Uganda’s number one tourist activity is mountain gorilla- located south of Bwindi Impenetrable Forest and Mgahinga Gorilla National Park. There is a remarkable diversity of life in the national parks of Mgahinga and Bwindi forest, where the regional landscape is varied and dramatic.
Bwindi Impenetrable Forest National Park is home to an impressive list of species with 200 different trees, 350 birds, 310 butterflies, 88 moths, 51 reptiles and 120 mammals including primates such as chimpanzees, black and white Colobus, blue monkeys and grey-checked mangabey, L’Hoest’s monkey and of course the mountain gorillas. The 14 habituated gorilla groups of Bwindi can be tracked from four trail heads. There are eight permits for each group a daily maximum of 80 permits. It takes 2 to 8 hours to experience mountain gorilla safaris depending on where the group is located.
Yet in spite of the long list of species here are source of wonders to zoologist and botanists the mountain gorilla is the star attraction. Today there are fewer than 800 examples of this endangered primate which lives only in the forest of the Virunga Volcanoes and Bwindi. Half of them live in Mgahinga on the Ugandan slopes of the Virunga and Bwindi. Uganda is a choice of those hoping to catch a glimpse of these magnificent great apes.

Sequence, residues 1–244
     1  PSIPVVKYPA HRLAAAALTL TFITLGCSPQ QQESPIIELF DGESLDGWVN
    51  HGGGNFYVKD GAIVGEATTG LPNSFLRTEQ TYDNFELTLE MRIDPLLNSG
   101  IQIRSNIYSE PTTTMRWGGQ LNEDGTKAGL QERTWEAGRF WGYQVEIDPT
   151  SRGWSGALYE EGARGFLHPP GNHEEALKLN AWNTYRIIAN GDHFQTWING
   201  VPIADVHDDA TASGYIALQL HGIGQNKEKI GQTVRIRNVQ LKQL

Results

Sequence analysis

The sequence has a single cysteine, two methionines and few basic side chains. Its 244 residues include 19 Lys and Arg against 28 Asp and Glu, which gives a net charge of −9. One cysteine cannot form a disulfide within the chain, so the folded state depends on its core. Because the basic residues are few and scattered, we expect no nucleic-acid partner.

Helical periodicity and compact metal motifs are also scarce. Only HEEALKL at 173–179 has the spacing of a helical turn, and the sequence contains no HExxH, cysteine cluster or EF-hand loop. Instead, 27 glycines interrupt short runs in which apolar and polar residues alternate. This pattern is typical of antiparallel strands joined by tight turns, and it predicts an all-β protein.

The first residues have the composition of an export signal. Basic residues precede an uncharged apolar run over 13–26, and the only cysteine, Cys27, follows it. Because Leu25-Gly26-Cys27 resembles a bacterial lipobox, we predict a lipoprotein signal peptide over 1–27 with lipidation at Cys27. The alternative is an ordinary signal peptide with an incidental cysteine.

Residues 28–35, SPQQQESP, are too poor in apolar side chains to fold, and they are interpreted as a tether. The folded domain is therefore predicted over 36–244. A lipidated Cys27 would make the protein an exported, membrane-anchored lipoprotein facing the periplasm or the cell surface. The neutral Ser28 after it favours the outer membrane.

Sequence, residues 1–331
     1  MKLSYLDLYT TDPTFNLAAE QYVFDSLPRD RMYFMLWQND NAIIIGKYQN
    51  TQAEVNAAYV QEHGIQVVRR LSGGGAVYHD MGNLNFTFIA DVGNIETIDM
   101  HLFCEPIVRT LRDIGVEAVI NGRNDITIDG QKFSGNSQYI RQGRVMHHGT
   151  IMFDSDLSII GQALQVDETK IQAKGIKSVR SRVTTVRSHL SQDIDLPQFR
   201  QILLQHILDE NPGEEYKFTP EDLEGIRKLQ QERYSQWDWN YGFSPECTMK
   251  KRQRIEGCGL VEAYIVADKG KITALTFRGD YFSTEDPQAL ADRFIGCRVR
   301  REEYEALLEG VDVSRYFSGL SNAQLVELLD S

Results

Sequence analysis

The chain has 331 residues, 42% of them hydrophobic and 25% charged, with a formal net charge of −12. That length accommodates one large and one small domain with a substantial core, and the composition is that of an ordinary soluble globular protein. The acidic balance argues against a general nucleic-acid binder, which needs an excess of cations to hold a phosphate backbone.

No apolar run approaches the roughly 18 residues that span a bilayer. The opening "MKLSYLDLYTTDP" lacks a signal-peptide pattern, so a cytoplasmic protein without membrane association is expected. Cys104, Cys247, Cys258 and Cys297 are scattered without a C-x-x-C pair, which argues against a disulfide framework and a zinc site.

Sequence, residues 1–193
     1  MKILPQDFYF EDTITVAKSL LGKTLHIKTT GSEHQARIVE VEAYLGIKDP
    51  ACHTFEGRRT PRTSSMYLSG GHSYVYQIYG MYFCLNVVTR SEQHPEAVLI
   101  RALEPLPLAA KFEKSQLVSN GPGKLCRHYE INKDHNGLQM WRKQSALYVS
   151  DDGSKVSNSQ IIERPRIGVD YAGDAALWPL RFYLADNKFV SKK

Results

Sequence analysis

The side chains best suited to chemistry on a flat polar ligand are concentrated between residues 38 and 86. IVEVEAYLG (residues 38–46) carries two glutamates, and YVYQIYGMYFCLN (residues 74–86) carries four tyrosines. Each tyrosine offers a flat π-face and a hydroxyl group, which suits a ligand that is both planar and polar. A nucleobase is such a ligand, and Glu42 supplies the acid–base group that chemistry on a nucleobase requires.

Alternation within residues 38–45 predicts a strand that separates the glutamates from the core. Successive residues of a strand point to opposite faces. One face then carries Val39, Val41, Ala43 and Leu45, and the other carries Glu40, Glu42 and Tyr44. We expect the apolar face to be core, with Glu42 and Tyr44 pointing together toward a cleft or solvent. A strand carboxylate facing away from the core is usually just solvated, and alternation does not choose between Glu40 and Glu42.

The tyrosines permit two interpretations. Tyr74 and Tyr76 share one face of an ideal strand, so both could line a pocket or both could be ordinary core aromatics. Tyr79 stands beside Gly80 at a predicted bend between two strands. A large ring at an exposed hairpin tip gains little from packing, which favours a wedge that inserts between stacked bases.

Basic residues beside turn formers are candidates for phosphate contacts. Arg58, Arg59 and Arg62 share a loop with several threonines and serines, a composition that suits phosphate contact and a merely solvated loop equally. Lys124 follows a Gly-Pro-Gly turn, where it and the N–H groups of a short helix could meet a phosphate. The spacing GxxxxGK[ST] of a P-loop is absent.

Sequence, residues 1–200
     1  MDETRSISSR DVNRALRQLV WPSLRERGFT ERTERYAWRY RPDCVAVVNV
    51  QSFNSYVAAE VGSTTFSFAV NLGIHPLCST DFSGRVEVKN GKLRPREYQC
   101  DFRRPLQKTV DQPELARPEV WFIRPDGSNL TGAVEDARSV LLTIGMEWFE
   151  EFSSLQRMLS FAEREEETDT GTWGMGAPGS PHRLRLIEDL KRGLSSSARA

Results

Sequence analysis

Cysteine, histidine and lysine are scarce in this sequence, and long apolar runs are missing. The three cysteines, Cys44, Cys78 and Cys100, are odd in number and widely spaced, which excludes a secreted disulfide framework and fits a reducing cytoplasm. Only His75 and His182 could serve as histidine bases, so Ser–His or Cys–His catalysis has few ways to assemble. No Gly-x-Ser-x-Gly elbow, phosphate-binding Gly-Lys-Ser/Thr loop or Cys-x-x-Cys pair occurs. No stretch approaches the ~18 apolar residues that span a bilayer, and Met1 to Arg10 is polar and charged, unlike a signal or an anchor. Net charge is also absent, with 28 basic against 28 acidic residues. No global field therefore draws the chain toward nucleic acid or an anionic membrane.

Tracking the mountain gorillas is one of the most remarkable as well as exclusive wildlife experiences anywhere. There are strict limits on access in order disturb as little as possible. Only eight people are allowed to track each of the habituated gorilla group each day, while viewing time is limited to one hour. Most visitors agree there is a special quality about these encounters.
The Impenetrable Forest is aptly named and visitors must be reasonably fit to take part in the adventure. The habitat of the gorilla is characterised by dense, tangled vegetation in a montane landscape of deep valleys and steep ridges. A recent addition to Bwindi’s list of activities longer and less predictable than normal gorilla tracking, it is Gorilla Habituation Experience, in which visitors can spend the day with teams habituating new gorilla groups in the presence of humans.